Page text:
Two short pieces follow that – ‘möglicher zugang übergang 1’ and ‘2’ – which feature the Horvath vocal chords doing what comes unnaturally. The final track, ‘Tödi’, has a similar structure to the first track, as the jolly sounds of a folk festival dissolve only for a groove to re-emerge from the chaos. The tintinnabulations return, like a commodius vicus of recirculation back to Howth Castle and environs, bringing us back to where we started.

A remarkable blend of ancient and modern that creates some timeless moments. One for the wild at heart.

How High The Moon

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Impressive free jazz team-up on Wood Moon (JVTLANDT JVT0016 / TOZTIZOK ZOUNDZ TOZ017) – it was a one-off meeting between the Dutch drummer Rogier Smal and the Japanese saxophonist, Ryoko Ono. Ryoko Ono is a new name to me but I’m very impressed by her fluent playing and uncluttered style; she gets on with the job at hand and makes “high energy” music seem like something she could do without breaking into a sweat, executing complex moves with ease. Her press points to her interest in several forms of music outside of jazz, including free improvisation and avant-garde noise, which is the kind of claim made on behalf of many a cultural omnivore these days. But Ryoko Ono, I learn to my advantage, has a history of adding her sax work to LPs by Acid Mothers Temple, and other unusual latterday Jap-psych records, such as releases by Atsushi Tsuyama, the zaniest member of Kawabata Makoto’s ever-changing collective. I’m now intrigued enough to start looking for records by Psyche Bugyou, whose output has strangely enough passed me by. Experimental skittery brush-work drummer Smal is also new to me, but anyone who makes a record with Dylan Carlson and has played alongside Eugene Chadbourne is welcome in this humble abode.

Wood Moon for the most part resembles John Coltrane for me, particularly some of the cuts on 1960’s all-time classic Giant Steps, except that Ono does the overblowing and sax-screaming thing with an incredible perfection – almost too perfect, in places making her performances verge on the synthetic, and I’m amazed at the way she can regain balance with such sangfroid after performing a series of near-impossible acrobatics with her horn. It’s kind of a samey sounding record too, most likely recorded at a single session, but for the presence of Track Four where we hear some of Ryoko’s charming vocalising, which she’s apparently able to do in between puffs on the sax. I’d have gladly paid double for an entire album of this surrealist jibber-jabber, where she appears to be possessed by a friendly Japanese demon. From 30 March 2016.

Skin And Bone

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Parisian drummer Antonin Gerbal has graced our pages before playing with the trio ZOOR, where his “modest lack of ostentation” was noted by Stuart Marshall, and also on a far more restrained outing called Heretofore with the sax player Bertrand Denzler. He’s now made a solo drumming record called Sound Of Drums (UMLAUT RECORDS UMFR-CD17), an album which sets out its stall with the 21-minute title track at the start; with a minimum of means, and a tightly controlled expression, Gerbal manages to keep the listener in a perpetual state of expectation with his brutally simplistic drumming styles. It’s about half snare-drum rolls, half cymbal splashes to suggest waves of energy; the drum roll makes me think of watching a high-wire act, or a magician’s trick, that seems to take forever to complete. The tension produced is almost unbearable, and the listener’s desire for closure grows steadily with each passing moment. Already I feel like I’m hearing the percussive equivalent of an endlessly rolling Samuel Beckett text, pages and pages of sentences punctuated only by commas. Will we ever reach a full stop?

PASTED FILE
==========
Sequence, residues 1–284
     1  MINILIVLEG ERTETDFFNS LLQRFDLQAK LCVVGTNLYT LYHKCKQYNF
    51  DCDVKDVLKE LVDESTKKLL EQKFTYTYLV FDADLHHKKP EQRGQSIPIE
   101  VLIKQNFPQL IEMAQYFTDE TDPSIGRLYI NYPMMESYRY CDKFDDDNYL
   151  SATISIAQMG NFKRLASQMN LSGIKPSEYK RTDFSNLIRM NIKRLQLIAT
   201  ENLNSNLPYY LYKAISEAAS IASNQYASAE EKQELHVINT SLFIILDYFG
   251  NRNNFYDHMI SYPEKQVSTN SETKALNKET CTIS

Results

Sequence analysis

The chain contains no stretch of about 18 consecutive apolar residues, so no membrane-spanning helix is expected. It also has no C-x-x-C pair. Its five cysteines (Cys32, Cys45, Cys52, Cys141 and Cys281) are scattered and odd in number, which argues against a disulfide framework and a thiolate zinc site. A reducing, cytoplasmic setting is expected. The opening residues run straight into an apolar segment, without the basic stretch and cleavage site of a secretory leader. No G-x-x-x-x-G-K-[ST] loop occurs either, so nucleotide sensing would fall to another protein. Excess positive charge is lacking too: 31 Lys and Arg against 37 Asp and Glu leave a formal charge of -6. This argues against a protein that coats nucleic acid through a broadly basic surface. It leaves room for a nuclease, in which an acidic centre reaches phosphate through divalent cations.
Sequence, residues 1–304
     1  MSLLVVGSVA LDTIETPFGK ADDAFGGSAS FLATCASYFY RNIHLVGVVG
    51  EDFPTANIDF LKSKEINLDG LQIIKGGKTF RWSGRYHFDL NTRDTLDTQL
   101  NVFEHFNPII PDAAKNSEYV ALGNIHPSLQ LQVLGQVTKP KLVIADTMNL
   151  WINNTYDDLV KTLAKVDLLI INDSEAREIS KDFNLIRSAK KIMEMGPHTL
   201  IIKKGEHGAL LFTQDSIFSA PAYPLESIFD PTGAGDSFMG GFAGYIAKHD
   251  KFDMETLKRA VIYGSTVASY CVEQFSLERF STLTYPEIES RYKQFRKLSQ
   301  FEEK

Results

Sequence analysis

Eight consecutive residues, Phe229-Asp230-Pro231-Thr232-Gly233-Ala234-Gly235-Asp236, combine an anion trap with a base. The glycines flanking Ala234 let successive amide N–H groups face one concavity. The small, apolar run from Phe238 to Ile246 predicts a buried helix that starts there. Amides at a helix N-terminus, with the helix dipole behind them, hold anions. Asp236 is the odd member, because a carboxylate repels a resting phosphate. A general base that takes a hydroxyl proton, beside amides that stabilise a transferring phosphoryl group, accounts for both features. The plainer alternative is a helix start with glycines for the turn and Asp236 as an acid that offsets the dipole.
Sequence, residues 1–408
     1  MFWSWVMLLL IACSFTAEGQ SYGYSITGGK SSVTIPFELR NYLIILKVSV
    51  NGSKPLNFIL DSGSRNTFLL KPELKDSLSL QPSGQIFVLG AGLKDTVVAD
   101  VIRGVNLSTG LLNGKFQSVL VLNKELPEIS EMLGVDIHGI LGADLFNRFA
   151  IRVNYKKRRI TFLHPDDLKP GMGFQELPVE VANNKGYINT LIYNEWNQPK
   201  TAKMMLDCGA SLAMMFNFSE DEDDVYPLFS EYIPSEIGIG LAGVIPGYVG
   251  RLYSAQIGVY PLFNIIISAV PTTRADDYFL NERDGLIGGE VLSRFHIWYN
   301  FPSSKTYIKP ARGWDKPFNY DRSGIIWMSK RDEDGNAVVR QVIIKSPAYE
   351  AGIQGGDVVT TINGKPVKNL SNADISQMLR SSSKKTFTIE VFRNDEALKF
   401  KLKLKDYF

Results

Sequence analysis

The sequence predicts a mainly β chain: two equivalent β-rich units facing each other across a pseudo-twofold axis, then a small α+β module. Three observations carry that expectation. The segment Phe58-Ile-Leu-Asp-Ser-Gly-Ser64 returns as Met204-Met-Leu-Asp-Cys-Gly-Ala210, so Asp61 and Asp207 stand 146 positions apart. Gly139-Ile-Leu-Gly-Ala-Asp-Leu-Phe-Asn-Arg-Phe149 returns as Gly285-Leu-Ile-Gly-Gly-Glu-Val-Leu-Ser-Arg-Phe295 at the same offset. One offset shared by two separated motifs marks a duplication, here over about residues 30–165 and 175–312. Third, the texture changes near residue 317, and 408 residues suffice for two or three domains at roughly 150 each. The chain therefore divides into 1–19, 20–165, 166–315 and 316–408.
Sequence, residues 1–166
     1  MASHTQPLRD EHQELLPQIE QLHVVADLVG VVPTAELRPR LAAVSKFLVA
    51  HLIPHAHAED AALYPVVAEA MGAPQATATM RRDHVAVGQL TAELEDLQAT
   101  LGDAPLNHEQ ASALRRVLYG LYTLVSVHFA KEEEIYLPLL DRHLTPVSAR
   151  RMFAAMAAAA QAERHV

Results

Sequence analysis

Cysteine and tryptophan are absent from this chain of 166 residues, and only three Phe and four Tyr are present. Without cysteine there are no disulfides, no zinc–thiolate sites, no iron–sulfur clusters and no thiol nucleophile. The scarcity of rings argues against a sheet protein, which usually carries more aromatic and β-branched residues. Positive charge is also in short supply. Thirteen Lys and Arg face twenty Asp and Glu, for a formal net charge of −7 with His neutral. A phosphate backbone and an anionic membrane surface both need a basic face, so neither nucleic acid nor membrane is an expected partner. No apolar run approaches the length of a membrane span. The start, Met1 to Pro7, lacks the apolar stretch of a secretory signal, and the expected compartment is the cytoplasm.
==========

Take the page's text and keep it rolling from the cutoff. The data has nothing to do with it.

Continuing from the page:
The modernist allusion here may not be completely off the beam, given that Gerbal’s aesthetic aim is to remake the history of (American) jazz drumming through his own distinctly European coffee-flavoured brain. “Since 2009”, according to the press note, he has “developed his own approach to the drums”, and we are invited to note the connection to European musical improvisation. His austere process may have had quite severe side effects. It appears to me that along the way he has sacrificed a good deal of energy and passion, and he seems determined to reduce the drum kit to “skin, wood and metal” – the list of physical materials is again drawn from the press note, and feels like a 1970s conceptual artist’s view of the world, seeing physical matter as the only “truth” worth bothering with, denying any form of sublimation or aesthetic pleasure for the audience.

Other pieces, such as ‘Antefixe’ and ‘Qualia’ are likewise fixated on utter simplicity, in places appearing almost as utilitarian as a row of rivets driven into a girder; it’s like riding your bike over an endless series of tiny speed bumps. I’ve no doubt that Gerbal is familiar with the technique of syncopation, but he’s evidently forcing himself to forget that skill for this record, and indeed anything else that might make his music remotely human or approachable. By the time I got to ‘Repetition’, the last track here, I felt that he was knocking six-inch tungsten nails into my forehead with a metal hammer.

If Milford Graves and Sonny Murray evolved jazz drumming by playing “around” the pulsebeat in a highly inventive and subjective manner, Gerbal has (on this record at least) attempted to reverse that entire trend by insisting on the pulsebeat and nothing else. It’s a stark message he delivers, but I do have a certain admiration for the way he sticks to his guns and keeps on playing, even well past the point when his mind and body must be on the point of collapse from sheer monotony. From 31st March 2016.